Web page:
Music to Your (Career) Ears
Listen correctly and you can amp up your productivity. Listen improperly and you can damage your career.
The last decade has brought enormous change to corporate workplaces: cubicle walls came down, messaging platforms came up, and flexible work options proliferated.
But a subtler trend also has taken hold: it's become totally normal for people to have earbuds in, nearly all day, at work. Today, more than 80% of workers say their employer allows them to listen to music at work, and nearly three-quarters of workers say doing so makes them more productive, according to a survey by the staffing firm Accountemps.
Indeed, music has always been known to have profound effects on our mood, and can help minimize distractions in the modern open-office plans in which so many of us now exist. But, as with most habits, turning up the tunes can also work against you-becoming a distraction itself or giving you a not-so-great reputation among your colleagues. If you find yourself listening to music at work, here's how to keep yourself on track.
Keep an ear to the ground.
If you're constantly wearing earbuds, you're missing out on opportunities to engage with your coworkers and chime in on important impromptu conversations. People around you may also find it frustrating that they have to raise their voice or wave to you to get your attention, says Karen Huang, senior manager of search assessmentat Korn Ferry.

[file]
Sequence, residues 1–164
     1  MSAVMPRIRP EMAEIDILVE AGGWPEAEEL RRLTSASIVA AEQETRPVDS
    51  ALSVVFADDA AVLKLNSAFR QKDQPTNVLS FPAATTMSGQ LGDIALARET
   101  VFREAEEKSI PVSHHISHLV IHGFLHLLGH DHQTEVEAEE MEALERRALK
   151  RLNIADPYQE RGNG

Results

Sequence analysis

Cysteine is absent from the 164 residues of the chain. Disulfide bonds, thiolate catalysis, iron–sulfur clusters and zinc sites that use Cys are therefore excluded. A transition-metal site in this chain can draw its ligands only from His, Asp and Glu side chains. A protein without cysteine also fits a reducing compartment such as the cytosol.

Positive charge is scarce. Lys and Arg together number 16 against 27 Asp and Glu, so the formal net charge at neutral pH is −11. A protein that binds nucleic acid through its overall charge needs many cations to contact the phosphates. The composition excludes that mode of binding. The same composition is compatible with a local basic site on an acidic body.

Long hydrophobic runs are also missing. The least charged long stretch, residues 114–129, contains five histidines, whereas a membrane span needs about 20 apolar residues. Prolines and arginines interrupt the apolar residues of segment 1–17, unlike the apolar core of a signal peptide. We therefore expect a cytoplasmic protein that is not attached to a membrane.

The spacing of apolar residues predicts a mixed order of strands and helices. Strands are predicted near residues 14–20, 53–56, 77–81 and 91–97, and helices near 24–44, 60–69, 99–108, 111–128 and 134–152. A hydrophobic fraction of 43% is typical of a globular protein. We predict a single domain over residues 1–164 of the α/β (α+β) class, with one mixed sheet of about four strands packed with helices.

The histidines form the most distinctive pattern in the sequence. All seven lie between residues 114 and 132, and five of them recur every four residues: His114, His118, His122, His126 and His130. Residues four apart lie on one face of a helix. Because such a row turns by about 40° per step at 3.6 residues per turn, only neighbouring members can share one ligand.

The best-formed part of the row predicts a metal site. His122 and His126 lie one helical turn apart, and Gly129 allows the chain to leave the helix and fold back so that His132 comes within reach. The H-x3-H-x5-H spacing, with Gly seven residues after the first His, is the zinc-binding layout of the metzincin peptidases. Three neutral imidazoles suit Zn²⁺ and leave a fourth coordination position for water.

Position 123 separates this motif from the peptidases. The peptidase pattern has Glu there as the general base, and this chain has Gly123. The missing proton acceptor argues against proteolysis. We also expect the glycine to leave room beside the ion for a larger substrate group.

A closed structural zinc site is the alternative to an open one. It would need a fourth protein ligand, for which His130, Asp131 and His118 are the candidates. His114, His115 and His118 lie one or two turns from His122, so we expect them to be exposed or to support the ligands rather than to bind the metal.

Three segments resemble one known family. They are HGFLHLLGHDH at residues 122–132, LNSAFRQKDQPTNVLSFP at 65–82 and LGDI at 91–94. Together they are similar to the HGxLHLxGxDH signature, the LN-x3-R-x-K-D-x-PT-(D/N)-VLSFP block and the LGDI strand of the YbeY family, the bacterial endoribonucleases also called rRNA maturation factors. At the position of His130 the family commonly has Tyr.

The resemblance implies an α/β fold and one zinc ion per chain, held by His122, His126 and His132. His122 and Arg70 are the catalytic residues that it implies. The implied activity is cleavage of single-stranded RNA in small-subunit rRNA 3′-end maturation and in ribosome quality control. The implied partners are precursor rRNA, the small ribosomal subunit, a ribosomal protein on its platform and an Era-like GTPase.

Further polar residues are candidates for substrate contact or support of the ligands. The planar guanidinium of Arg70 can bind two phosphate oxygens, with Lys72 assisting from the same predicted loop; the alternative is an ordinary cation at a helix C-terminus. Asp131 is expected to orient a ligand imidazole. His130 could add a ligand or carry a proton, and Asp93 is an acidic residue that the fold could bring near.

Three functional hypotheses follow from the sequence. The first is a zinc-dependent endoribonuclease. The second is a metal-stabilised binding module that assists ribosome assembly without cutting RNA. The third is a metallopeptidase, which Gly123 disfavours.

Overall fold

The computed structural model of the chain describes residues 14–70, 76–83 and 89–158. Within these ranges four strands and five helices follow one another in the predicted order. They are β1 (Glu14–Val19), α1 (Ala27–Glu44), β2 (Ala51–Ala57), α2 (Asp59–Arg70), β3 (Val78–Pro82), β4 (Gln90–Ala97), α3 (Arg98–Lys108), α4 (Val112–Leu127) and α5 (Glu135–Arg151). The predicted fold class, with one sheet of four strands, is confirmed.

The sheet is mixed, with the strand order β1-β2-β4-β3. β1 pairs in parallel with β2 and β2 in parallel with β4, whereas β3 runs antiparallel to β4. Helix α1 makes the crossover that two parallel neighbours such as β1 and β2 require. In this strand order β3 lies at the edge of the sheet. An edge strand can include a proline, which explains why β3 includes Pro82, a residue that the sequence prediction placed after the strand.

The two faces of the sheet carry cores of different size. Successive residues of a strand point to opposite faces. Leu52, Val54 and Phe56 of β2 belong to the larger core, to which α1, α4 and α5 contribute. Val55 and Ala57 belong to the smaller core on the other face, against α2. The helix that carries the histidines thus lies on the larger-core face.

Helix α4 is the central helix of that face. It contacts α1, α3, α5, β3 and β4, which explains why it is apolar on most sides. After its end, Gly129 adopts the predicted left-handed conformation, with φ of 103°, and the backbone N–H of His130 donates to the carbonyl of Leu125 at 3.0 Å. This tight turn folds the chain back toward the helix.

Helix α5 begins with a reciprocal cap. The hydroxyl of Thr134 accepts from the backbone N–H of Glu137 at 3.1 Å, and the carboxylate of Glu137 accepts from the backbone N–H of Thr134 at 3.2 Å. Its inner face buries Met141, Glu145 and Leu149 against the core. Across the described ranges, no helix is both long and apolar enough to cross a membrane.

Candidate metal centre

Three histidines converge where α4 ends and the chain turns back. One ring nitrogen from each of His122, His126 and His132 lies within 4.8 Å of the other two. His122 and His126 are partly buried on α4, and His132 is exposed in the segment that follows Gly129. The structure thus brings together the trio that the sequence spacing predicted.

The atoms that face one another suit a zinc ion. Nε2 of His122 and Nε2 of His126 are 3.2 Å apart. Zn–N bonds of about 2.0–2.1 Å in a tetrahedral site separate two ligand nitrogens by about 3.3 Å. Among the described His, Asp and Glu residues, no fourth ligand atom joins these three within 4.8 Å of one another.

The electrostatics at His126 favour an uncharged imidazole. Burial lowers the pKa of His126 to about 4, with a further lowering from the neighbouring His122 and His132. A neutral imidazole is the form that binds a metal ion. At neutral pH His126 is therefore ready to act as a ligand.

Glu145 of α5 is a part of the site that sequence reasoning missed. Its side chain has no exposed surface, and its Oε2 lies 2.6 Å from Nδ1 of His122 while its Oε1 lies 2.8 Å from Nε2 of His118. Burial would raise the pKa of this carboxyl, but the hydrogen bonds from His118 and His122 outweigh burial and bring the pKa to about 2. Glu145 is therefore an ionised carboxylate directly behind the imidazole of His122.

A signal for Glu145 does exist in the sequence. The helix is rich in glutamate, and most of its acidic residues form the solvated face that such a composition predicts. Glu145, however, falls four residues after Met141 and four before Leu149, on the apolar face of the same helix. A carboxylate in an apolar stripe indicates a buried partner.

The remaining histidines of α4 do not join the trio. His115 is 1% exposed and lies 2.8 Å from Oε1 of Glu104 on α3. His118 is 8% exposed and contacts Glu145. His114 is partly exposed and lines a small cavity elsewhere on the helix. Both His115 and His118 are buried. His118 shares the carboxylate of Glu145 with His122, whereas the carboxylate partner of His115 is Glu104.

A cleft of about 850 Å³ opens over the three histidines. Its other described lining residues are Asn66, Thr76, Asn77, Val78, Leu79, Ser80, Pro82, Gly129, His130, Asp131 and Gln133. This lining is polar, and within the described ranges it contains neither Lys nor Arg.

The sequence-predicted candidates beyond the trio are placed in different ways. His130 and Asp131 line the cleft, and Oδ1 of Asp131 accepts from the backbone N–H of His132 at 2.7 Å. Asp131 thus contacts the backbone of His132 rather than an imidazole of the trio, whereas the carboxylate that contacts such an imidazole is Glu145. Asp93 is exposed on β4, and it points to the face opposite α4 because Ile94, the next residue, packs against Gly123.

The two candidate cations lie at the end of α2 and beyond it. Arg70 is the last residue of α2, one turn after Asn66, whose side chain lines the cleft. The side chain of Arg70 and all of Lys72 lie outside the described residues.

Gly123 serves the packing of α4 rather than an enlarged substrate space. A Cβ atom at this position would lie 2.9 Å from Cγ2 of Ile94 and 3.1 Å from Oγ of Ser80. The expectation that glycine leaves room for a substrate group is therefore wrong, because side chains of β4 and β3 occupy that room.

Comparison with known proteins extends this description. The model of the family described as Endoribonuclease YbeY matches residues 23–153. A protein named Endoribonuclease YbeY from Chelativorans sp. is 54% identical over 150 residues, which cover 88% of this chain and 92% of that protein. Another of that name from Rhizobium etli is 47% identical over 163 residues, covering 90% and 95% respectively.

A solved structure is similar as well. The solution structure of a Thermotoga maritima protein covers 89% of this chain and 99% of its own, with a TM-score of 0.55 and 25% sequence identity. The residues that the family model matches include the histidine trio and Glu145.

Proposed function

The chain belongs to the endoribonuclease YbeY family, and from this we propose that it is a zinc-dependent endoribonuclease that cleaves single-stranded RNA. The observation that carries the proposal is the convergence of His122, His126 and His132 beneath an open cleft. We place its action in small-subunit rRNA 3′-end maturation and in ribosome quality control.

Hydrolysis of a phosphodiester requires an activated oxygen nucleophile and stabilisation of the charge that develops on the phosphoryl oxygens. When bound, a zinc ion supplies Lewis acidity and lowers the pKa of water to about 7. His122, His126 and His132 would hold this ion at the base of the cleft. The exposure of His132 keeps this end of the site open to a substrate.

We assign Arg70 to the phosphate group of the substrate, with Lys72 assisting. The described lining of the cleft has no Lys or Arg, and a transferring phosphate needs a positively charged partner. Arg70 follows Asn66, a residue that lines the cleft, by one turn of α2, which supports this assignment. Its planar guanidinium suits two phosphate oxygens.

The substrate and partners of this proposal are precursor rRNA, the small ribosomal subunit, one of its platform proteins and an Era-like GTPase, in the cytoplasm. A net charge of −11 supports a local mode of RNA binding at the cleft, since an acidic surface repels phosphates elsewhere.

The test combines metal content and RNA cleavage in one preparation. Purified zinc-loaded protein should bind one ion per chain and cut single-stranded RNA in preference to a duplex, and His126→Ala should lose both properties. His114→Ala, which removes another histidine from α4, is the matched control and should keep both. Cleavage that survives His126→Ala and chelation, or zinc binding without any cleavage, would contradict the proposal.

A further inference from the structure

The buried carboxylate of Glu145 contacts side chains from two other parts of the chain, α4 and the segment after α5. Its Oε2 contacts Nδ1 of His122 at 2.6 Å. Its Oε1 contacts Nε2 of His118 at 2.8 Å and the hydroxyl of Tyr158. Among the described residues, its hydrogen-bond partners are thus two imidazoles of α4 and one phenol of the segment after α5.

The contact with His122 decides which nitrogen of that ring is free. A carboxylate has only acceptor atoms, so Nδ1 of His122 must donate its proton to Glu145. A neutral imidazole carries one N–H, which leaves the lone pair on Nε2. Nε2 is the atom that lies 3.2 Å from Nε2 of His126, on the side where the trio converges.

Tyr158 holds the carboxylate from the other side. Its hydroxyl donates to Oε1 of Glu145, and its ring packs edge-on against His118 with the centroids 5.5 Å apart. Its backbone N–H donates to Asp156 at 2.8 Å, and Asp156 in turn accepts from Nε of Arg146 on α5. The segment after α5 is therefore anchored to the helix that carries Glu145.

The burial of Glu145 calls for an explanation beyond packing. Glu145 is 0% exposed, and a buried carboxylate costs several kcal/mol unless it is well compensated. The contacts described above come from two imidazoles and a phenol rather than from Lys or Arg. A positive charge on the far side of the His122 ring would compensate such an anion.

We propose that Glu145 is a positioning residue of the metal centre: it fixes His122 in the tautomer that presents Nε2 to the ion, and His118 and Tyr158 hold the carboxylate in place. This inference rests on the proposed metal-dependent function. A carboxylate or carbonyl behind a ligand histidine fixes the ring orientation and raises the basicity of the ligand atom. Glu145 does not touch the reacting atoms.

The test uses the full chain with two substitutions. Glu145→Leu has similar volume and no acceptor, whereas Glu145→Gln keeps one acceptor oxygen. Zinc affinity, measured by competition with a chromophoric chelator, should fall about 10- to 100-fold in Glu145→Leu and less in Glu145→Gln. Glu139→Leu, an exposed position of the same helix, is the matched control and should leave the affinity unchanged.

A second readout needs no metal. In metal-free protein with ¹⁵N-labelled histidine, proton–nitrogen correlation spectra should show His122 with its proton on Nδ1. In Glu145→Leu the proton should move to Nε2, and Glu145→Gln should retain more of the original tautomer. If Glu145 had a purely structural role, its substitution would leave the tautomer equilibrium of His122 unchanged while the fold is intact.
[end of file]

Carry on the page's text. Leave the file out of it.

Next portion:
To avoid this perception, kill the headphones during natural times of transition-when people are arriving at work and during lunchtime-as those are key moments for interaction. Another solution is to wear only one earbud so that you can hear what's going on around you. "I had a busted set of earbuds where the left one didn't work," says Michael Jacobs, an advertising executive. "It was the best set of earbuds to bring to work because when important conversations were happening, I knew exactly what was going on."
Skip the lyrics during tough tasks.
What you listen to should suit the task at hand. If you're set for a day filled with administrative, repetitive tasks, then upbeat music might improve your mood and keep you going.
But research shows that listening to music during complex cognitive tasks can be distracting. Lyrical music is especially so-a 2014 study from Cardiff Metropolitan University in the United Kingdom shows that people performed worse on reading-comprehension assessments when they were listening to music with lyrics. So when you need to focus, go for instrumental or classical music.
Don't expect your productivity to double.
Music doesn't affect everyone equally. According to a study by Teresa Lesiuk, a professor at the University of Miami, people who were considered experts in their field didn't show any real uptick in productivity when listening to music. The same went for novices, who lacked the skills needed to be more productive in their job. But those who were moderately good at their jobs saw a marked increase in productivity. Luckily for people at all expertise levels, music improved mood-which may be reason enough to turn on some tunes.